An easel is a thing that holds your paper down in the enlarger; they have a couple of metal blades on the edge that hold the paper down and are adjustable so that you can make different sized prints. If you want to scan your prints, then print to 8x10" or maybe 8x12" as that's about the largest size that a cheap scanner can accept.

    If the uni club has equipment but no darkroom in which to use it, you should definitely make them an offer for some of it. They may be very glad to reclaim some storage space and/or see it go to someone who will use it.
    So I need an easel to attach/sit on the enlarger base plate?

    I'll have a look on youtube for contact print tutorials.

    Someone donated a lot of equipment to the Uni club including studio lights etc. They are still trying to get a darkroom set-up although I don't think they are too serious about it.

    Thanks

  7. #17
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    Enlargers often come with easels, but basically yes, you need one. If you're feeling ultra-cheap then you can use a sheet of steel resting on the enlarger baseboard and some strip magnets to hold the paper down to it. A proper easel is much easier and more repeatable though.

  8. #18

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    Thank you, I shall get an easel too. Ultra-cheap? Me?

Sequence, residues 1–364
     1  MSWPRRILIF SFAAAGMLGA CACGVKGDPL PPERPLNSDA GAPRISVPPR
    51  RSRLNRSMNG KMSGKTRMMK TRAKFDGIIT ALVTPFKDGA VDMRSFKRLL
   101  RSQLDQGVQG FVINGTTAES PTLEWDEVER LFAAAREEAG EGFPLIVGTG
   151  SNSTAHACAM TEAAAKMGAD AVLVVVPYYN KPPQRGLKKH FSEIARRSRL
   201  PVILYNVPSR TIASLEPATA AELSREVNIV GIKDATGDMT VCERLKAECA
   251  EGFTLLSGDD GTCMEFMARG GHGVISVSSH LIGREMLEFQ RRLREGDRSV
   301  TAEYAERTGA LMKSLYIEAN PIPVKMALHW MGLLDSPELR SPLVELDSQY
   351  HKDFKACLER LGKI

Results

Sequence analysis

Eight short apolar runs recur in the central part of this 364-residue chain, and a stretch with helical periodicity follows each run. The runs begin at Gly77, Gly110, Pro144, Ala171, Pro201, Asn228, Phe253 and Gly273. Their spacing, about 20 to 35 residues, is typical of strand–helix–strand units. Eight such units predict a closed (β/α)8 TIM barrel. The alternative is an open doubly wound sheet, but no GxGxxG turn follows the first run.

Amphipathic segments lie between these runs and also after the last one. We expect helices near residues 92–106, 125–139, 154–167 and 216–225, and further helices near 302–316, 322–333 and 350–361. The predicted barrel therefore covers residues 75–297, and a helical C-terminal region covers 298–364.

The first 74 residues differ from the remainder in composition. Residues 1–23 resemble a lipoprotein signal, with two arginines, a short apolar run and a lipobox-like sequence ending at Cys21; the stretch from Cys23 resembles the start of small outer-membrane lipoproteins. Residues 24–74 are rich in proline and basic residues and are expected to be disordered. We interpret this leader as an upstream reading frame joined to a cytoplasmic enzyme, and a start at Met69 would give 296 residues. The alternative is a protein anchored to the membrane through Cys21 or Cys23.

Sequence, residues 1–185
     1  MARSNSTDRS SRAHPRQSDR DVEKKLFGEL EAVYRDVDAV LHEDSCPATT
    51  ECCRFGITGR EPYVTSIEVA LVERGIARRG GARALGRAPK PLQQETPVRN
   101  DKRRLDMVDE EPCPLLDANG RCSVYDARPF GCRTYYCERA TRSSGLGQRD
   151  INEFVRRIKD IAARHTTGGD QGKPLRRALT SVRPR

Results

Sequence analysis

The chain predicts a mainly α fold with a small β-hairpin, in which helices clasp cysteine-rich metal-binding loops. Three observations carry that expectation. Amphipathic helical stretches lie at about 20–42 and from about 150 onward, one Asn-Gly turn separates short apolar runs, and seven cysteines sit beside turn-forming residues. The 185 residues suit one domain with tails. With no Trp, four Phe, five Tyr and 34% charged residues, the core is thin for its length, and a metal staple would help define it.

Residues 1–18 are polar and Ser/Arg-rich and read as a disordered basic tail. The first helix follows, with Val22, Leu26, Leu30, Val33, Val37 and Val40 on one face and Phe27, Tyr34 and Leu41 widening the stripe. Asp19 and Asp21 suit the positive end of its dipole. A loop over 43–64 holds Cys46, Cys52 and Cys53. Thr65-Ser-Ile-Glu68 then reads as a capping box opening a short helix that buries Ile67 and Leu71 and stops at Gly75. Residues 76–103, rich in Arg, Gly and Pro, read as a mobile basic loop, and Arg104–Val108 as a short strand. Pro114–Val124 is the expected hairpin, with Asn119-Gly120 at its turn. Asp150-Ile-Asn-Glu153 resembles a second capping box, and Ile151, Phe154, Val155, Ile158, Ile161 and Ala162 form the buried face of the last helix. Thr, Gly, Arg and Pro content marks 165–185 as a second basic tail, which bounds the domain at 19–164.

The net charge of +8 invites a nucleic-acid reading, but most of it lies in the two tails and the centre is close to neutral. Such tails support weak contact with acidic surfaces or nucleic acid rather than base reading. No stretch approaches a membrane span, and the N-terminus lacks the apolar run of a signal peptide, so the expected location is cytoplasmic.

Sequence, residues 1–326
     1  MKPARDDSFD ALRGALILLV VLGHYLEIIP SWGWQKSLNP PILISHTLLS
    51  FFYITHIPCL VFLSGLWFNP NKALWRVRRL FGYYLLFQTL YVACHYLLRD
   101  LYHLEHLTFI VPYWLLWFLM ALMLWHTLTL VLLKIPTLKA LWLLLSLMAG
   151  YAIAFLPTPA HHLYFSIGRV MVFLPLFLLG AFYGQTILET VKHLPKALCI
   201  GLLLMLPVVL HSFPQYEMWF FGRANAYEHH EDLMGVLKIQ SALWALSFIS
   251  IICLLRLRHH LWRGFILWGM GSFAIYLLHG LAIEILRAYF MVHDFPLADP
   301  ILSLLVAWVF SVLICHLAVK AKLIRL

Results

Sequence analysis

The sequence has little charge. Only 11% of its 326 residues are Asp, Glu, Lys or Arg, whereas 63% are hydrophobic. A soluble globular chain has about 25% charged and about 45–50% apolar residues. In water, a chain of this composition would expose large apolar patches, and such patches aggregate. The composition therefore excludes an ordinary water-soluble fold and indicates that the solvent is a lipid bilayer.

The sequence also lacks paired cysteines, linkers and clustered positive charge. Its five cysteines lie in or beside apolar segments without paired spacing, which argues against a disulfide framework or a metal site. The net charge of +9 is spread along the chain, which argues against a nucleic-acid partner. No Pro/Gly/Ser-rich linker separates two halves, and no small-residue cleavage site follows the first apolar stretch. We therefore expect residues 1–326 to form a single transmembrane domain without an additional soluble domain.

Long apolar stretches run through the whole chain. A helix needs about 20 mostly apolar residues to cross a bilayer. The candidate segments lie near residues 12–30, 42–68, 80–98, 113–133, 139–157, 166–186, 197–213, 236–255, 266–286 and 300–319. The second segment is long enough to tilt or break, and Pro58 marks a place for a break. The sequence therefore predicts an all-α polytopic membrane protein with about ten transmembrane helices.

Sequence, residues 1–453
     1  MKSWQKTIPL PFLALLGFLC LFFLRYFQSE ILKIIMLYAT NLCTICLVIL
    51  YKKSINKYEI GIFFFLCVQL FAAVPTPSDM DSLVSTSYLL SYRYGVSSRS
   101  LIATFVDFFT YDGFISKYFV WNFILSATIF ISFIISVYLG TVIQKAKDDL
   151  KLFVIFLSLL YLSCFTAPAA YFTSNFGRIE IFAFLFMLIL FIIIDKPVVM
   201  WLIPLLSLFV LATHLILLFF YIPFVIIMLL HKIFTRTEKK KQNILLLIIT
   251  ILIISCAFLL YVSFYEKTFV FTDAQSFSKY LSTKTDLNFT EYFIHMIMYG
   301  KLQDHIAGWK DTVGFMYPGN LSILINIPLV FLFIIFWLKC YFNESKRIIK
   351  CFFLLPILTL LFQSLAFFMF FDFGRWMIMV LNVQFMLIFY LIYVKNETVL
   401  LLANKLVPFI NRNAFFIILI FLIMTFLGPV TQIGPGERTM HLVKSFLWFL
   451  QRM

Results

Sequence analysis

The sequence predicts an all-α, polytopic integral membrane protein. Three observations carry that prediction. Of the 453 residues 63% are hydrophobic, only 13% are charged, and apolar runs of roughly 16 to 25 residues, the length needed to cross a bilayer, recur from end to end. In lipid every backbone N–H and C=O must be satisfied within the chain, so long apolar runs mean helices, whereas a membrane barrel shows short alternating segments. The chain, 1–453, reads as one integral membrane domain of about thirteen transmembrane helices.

9. #19
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    The fastest way to learn the basics is to get one film, one film developer, one paper and one paper developer rather than trying 4 different films. Although made by the same company, each will be very different in response to light and processing.
    [FONT=Comic Sans MS]Films NOT Dead - Just getting fixed![/FONT]

  10. #20

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    Received the enlarger

    Received the enlarger and I may have been sold junk!

    The red protective swivel filter was broken off (I may be able to glue it). He included a thermometer which was smashed too as was another one from the first batch of darkroom purchases.

    The 'Paterson System 1000' timer doesn't appear to time anything and it only switches on the enlarger.

    The 'Paterson PCS enlarger' does switch on although it appears very dim (There is a flourescent bulb in it).

    The enlarger came with a Rodenstock Trinar 50mm 1:3.5 lens, although it is dirty inside (fogged under the front element). It doesn't look like it comes apart so I can clean it like I have done with camera lenses.

    The enlarger has a filter tray but I have no filters (I don't even know what these are for! Paper grades?)

    The seller did 'throw in' (bloody literally judging by the smashes) some measuring cylinders, collapsible containers and some used STOP (is yellow but says it is OK until it turns purple) and FIXER ( this is clear and smells vinegary so should be OK despite 2008 expiry)

    I also have a Paterson Micro Focus finder, I have no idea how to use it.

    One other thing, can I use Ilfosol 3 developer as paper developer? I bought a new one of these.

    Great fun!